Lis Smith's relationship with politics is a lot like Hunter Biden's relationship with crack cocaine. The high highs, the low lows. The seedy tabloid headlines. The "psychodialed" phone numbers. Addiction is hard to shake, especially when failing has no real consequences.
Any Given Tuesday: A Political Love Story is Smith's account of her evolution from Dartmouth nerd dating her politics professor to full-blown campaign crackhead, from a lowly John Edwards volunteer to "one of the top communications aides in the Democratic Party." (Her words.) The book also chronicles her search for love along the way. Spoiler alert: She has a thing for flawed older men.
Smith is certainly one of the least boring political consultants working today, and probably one of the least insane individuals advising Democratic politicians on how to win elections. That's not a particularly high bar to clear, but still. Credit where credit is due. As evidenced by her starring role in the Mayor Pete documentary, in which she berates the failed presidential candidate for sounding like "the fucking Tin Man" "reading a fucking shopping list," Smith is at her best when talking shit about her clients.
The several paragraphs Smith devotes to trashing former New York City mayor Bill de Blasio are particularly inspired. She absolutely roasts the gangly freak as a "childish, intellectually lazy, overconfident … and annoyingly condescending" weirdo with a penchant for "pseudo-intellectual, leftist, ooey-gooey mantras." Smith recalls that, while interviewing for the job of campaign spokesperson, de Blasio was less interested in her résumé than he was with her "spiritual journey." He reminded her of the "gross, unshowered guy in college who showed up to Philosophy 101 and hogged 10 minutes of class time to yell about the necessity of seizing the means of production because he'd read one line of a Communism for Dummies book."
Smith, by contrast, is the foul-mouthed female frat star who pees in parking lots, goes to strip clubs with the boys, and threatens to shove balls down throats. She's also a tragic figure. The twitching junkie who can't stop checking her phone at her twin brother's wedding to find out "what the fuck is going on with Benghazi." She is, somewhat refreshingly, an unrepentant DINO squish who has no patience for the woke libs and ascendant socialists gunning for the Democratic establishment. She rejects the "dogma of ideological purity pushed by some on the far-left wing of the party" as "arrogant and close-minded." She accurately describes Louis Farrakhan as an anti-Semitic "hate monger"—an increasingly taboo opinion among party activists.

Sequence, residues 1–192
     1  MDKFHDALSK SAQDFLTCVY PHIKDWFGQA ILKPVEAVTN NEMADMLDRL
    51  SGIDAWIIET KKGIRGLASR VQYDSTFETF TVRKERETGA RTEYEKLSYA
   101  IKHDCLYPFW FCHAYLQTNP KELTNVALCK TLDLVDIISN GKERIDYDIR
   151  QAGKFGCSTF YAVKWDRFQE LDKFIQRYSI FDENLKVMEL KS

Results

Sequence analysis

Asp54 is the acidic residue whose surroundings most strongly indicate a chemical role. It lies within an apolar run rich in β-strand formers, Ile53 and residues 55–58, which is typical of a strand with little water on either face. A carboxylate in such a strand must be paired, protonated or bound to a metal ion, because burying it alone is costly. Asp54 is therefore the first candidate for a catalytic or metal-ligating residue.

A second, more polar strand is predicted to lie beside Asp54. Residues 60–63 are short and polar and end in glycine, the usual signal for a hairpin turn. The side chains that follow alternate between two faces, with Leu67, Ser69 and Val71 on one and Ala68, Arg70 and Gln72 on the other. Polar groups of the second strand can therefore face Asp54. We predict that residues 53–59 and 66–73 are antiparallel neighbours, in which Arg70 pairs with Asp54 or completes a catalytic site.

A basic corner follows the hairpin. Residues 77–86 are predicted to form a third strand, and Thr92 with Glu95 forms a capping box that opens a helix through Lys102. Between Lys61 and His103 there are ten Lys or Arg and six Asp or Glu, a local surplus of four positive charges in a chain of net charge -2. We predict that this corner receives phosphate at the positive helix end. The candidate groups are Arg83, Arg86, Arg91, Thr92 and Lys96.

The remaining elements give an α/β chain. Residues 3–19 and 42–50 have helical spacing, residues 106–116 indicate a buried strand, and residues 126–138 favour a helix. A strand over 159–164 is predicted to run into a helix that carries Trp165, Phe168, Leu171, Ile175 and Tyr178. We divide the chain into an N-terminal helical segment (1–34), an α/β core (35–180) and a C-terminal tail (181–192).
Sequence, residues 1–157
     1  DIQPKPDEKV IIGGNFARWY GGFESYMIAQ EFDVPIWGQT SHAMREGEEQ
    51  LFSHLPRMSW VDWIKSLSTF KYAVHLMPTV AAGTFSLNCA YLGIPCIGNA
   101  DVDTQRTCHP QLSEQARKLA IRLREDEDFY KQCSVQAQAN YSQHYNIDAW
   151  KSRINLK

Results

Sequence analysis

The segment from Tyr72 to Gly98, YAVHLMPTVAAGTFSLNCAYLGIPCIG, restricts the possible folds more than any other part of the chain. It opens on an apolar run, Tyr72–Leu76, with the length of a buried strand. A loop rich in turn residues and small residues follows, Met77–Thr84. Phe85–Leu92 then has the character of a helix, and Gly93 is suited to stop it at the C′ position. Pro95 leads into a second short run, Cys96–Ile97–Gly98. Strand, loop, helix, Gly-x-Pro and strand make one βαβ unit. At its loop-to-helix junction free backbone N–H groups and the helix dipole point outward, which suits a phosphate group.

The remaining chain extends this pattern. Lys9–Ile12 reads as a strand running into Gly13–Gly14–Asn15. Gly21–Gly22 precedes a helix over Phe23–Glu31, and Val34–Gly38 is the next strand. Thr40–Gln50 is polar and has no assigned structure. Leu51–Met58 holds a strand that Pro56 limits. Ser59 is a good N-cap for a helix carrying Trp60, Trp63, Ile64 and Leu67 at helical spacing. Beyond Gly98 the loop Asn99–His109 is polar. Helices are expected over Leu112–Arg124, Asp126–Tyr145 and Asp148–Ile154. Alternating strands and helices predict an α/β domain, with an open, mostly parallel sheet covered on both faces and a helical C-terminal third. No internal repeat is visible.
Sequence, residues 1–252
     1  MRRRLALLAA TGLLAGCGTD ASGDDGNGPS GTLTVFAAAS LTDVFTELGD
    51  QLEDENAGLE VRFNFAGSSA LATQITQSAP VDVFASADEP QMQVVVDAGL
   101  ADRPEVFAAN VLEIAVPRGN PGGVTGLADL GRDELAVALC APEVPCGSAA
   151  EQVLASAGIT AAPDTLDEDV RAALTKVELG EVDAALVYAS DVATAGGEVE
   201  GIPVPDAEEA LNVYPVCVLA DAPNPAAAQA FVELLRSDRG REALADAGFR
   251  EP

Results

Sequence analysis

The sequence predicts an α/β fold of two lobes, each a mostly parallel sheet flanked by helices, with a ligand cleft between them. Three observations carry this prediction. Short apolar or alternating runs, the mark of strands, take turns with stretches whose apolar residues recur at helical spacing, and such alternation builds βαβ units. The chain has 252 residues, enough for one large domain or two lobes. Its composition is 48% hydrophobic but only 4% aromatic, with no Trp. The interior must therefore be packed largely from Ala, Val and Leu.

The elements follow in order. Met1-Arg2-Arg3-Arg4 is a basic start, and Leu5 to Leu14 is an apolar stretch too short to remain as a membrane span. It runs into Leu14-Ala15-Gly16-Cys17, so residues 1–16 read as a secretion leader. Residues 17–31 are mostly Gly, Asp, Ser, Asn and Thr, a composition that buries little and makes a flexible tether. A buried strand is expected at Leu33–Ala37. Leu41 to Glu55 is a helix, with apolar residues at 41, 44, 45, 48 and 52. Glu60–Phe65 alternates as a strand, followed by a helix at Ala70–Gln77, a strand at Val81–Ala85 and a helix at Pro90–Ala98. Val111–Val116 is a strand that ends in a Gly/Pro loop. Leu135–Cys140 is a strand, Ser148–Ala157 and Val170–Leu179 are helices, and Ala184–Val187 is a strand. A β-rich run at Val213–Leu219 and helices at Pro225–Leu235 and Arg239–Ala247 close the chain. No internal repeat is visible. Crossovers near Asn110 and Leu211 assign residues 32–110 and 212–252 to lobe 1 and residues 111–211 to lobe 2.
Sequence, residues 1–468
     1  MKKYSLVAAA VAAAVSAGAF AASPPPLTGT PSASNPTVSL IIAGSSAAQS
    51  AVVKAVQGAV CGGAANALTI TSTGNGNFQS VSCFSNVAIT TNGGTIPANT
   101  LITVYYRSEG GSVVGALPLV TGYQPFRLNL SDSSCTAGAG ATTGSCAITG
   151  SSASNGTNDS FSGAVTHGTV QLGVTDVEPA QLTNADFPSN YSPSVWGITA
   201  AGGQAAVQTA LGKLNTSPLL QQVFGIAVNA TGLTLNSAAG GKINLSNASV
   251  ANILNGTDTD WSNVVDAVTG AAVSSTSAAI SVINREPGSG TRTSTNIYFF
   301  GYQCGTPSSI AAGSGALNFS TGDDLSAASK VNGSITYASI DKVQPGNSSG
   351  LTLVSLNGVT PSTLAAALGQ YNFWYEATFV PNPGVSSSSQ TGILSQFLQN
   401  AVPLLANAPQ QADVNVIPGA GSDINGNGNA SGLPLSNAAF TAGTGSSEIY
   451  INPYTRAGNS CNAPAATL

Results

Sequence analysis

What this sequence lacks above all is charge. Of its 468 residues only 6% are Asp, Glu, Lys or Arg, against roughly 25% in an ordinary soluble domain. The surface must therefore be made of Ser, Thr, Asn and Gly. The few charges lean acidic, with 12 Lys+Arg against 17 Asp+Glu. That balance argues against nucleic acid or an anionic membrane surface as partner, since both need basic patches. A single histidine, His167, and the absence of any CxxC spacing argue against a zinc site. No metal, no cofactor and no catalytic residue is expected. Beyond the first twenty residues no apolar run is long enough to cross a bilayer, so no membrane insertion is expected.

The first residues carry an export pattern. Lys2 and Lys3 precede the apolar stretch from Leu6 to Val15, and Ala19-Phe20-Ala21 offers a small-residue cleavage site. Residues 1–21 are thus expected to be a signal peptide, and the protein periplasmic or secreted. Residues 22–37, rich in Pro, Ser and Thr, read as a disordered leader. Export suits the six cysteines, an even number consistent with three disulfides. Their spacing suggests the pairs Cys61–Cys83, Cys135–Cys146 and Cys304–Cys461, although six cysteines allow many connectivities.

Any Given Tuesday is a story about how to succeed by failing. Smith honed her crisis communications skills by navigating her fair share of crises, both political and personal, and becoming "addicted to the drama." She helped Claire McCaskill win her U.S. Senate race in 2006 despite being the target of a ruthless intraparty retribution scheme. After McCaskill said she didn't want Bill Clinton near her daughter, Smith recalls, the Clintons literally made the candidate cry by pressuring top party donors to shun her. She worked for former governor Jon Corzine (D., N.J.), whose 2009 reelection bid ended in failure after being tainted by a massive corruption scandal. She fell in love with her boss—Eliot Spitzer, the disgraced former governor of New York.
In recounting the highs and lows of her career in political communications, Smith peels back the curtain on the cozy relationship between Democratic operatives and mainstream journalists. For example, before the right-leaning New York Post could report that she was dating the much older Spitzer, the couple deliberately leaked the story to a friendly outlet, the New York Daily News, which agreed to abide by the strict terms Smith dictated. (Years later, George Stephanopoulos pulled this same stunt on the Washington Free Beacon.) Smith recounts with glee how proud she was to have persuaded a journalist friend to ask Mitt Romney a hard question that elicited an inevitable gaffe.